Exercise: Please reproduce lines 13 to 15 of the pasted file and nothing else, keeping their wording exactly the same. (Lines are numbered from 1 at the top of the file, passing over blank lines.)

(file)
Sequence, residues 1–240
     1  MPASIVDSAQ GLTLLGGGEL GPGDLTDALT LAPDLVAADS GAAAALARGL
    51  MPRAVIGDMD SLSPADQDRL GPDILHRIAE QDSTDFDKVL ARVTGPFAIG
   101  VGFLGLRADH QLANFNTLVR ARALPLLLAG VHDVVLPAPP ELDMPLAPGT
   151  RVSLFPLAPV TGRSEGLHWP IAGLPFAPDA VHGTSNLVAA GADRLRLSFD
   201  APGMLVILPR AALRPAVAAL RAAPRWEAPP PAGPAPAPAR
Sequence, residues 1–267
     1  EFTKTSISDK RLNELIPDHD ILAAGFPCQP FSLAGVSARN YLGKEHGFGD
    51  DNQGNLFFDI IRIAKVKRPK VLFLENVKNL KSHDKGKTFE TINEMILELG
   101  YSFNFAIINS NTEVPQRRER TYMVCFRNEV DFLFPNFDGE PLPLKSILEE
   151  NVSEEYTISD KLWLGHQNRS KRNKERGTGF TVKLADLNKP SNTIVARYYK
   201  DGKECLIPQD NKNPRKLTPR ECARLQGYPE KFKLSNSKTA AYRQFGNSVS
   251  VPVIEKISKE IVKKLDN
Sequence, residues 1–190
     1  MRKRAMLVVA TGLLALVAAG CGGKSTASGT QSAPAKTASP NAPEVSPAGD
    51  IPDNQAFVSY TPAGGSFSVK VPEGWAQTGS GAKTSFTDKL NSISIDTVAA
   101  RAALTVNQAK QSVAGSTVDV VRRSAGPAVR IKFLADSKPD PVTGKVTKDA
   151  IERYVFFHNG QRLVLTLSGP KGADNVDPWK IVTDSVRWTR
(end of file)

   251  VPVIEKISKE IVKKLDN
Sequence, residues 1–190
     1  MRKRAMLVVA TGLLALVAAG CGGKSTASGT QSAPAKTASP NAPEVSPAGD